Allison Wolfreys is a lecturer in law and solicitor who originally studied Literature and Social Science at undergraduate level at the University of Manchester before qualifying as a solicitor. She spent many years as a Family law specialist then partner in a range of different types of practices throughout the country. She acted as a consultant in the establishment of new departments and supervised many trainees during this time. An experienced advocate and trained mediator, her practice included public and private law children matters, contested ancillary relief claims and international Family law disputes. Her specialism was recognised when she was appointed as one of the first national peer review consultants in Family law, assessing the quality of work by Solicitors across the country.
Her teaching career with the Open University began in 2007 when she became an Associate Lecturer and she gradually moved out of private practice to teach full time. In 2016 she began working for the University of Law at Exeter University and was promoted to become a senior tutor in 2018. Here, she taught, managed and assessed qualifying law degree subjects including Tort, Public and EU Law as well as the LPC core Dispute Resolution modules and Family law, interviewing and advocacy. She also acted as an examiner in a variety of LLM subject areas.
With three children, she welcomed the chance to work from home in 2018, when she was appointed as a student experience manager within the Law School. Here, she managed a team of Associate Lecturers until 2020 when she moved to become a central academic.
Allison is interested in how judges in England and Wales exercise their discretion when dealing with international child abduction cases where a child objects to the making of a “return” order. She is interested in how children participate in these proceedings and how the decision and reasons for the judgment reaches the child or children who have been the subject of the proceedings. The Covid-19 pandemic has acted as a catalyst for change in the family justice system and Allison has recently written about the opportunities and obstacles that this presents for increasing children’s participation.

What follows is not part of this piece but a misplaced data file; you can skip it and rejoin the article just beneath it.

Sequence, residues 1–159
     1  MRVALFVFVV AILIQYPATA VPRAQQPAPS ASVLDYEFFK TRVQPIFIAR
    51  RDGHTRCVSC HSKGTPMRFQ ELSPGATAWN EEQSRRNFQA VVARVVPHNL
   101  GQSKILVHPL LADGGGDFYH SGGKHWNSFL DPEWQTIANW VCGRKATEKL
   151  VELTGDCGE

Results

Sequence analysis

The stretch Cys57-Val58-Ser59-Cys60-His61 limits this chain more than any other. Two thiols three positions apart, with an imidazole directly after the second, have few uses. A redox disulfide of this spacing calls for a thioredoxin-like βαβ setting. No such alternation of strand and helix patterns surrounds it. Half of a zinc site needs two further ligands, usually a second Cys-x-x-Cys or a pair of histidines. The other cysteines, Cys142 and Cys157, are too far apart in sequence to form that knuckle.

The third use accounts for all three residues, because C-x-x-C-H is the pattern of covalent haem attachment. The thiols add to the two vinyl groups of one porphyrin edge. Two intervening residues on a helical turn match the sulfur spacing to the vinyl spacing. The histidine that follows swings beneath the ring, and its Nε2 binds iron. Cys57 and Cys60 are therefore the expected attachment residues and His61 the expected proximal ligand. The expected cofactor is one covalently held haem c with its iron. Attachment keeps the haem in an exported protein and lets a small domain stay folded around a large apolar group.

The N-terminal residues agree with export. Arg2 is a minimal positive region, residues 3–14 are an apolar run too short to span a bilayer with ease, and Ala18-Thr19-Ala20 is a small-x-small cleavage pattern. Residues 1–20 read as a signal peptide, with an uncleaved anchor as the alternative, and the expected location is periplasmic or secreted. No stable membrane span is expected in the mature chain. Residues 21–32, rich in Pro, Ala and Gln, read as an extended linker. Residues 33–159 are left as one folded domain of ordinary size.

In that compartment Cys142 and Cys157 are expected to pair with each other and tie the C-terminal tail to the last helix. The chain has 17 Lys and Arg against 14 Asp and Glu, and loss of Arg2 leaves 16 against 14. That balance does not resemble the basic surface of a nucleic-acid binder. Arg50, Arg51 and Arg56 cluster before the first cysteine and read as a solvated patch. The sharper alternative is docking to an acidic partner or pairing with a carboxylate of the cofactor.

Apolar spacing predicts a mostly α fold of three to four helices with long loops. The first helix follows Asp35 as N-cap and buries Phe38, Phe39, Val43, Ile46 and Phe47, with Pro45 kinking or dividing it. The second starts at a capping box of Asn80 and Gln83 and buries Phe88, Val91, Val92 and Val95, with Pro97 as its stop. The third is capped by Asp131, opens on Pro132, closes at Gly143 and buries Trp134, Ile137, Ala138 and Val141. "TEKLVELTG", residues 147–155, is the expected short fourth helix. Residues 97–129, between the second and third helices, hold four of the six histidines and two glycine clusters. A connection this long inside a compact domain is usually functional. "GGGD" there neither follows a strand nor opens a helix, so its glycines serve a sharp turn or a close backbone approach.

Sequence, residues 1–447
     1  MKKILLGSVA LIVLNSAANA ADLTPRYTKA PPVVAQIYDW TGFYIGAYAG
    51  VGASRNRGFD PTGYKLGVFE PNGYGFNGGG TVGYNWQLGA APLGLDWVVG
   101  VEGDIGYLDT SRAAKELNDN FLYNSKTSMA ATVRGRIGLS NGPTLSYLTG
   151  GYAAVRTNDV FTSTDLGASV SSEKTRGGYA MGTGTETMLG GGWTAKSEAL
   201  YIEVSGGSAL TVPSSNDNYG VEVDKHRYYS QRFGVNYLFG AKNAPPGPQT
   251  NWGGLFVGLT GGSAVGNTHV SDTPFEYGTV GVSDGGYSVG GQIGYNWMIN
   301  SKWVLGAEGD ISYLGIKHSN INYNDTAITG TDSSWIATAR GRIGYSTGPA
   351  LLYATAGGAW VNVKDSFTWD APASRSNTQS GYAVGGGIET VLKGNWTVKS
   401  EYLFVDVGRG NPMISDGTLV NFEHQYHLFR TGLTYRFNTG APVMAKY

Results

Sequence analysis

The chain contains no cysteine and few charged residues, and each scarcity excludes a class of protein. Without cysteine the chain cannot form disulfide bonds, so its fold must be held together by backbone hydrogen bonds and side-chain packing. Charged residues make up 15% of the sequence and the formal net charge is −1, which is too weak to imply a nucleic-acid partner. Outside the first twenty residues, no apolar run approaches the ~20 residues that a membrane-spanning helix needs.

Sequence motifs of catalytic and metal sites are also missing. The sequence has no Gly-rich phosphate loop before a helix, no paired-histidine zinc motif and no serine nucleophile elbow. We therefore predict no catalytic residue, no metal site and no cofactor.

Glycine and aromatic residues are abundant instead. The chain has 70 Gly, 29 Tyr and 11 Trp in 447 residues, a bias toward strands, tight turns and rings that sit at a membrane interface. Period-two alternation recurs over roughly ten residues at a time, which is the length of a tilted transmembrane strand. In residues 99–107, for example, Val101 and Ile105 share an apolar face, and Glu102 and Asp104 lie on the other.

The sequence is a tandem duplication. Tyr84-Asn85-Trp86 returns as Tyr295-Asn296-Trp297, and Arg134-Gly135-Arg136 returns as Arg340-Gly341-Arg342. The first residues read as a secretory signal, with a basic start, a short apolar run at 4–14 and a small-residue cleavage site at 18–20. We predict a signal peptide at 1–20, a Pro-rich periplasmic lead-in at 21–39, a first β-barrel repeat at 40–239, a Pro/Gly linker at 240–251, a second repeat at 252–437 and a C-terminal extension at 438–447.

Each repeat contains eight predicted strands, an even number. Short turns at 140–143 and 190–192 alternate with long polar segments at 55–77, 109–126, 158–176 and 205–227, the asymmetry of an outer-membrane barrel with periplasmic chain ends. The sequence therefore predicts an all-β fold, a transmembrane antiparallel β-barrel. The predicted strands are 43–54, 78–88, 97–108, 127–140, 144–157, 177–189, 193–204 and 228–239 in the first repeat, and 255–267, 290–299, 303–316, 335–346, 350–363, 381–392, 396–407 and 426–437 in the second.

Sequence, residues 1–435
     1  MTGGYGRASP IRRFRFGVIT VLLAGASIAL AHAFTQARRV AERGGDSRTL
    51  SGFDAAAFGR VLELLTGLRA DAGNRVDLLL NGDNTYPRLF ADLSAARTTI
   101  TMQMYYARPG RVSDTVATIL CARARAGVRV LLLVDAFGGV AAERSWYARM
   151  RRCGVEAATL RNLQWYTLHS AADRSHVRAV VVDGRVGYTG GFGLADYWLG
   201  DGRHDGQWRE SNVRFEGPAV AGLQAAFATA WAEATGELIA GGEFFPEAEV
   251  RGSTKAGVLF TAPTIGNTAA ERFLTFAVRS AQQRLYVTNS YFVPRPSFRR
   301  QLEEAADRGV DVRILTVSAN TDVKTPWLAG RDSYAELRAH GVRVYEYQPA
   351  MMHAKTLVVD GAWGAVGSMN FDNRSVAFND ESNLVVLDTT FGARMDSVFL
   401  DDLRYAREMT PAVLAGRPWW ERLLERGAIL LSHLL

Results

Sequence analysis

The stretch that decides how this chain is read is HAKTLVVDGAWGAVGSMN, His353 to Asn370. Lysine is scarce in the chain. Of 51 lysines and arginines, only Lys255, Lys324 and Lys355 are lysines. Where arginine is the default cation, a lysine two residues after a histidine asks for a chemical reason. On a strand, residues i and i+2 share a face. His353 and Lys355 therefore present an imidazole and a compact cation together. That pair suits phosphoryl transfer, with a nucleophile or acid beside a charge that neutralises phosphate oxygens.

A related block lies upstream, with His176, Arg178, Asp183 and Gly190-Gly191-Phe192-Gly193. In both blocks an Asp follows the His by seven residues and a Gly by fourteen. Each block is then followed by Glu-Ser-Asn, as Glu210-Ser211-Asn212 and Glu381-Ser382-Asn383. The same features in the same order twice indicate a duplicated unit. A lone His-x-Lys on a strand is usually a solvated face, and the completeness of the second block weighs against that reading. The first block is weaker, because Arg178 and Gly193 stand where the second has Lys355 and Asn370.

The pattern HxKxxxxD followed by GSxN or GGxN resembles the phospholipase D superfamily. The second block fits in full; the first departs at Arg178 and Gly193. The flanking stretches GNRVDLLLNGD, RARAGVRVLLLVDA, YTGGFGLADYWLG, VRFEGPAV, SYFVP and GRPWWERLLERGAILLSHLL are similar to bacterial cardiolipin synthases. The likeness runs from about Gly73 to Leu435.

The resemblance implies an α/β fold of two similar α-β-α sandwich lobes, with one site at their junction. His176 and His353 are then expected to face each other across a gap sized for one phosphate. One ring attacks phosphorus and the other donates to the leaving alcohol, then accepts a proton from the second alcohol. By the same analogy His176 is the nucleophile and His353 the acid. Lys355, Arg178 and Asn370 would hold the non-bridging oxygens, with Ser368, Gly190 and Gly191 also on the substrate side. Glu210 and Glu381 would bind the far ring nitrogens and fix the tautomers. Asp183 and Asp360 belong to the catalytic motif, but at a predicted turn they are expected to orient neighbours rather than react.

Allison became a Fellow of the HEA in 2018 and continues to teach on the LLB. Recently, she recently co-wrote a training suite for students to develop their online mediation skills and presented a paper on this subject at the IJCLE conference in 2019. She was invited as a guest speaker to the Resolution family law conference in 2017 and, having worked in the community as an independent domestic violence advisor, she also wrote and delivered a training module in family law for survivors of domestic abuse. She is currently and author on both our criminal and civil law Level one modules and Module Team Chair on W230, our Family law module.
Allison is a Member of the European Children's Rights Unit at the University of Liverpool School of Law and Social Justice
[Book Review] Nazia Yaqub, Parental child abduction to Islamic law countries: a child rights analysis of the legal framework (2023-07)
Child and Family Law Quarterly, 35(2) (pp. 197-200)
[Case Law Summaries] G (Appellant) v G (Respondent)  UKSC 9 (19 March 2021) (2022-11-19)
International Journal of Refugee Law, 34(2) (pp. 274-275)
Shaping a New Type of Hearing: Training Future Lawyers in Online Mediation - insights from a pilot Project (2019)
In : International Journal of Clinical Legal Education Conference 2019 (Jul 2019, Bratislava - Slovakia)
Storytelling: audio-drama and creative innovation in online legal education (2023)
The Open University
COVID-19 and International Child Abduction: Children's Stories (2020-07)
University of Liverpool, School of Law and Social Justice. COVID-19 Briefing Papers No.9
COVID-19 and the Family Court: Justice at our Fingertips (2020)
The Open University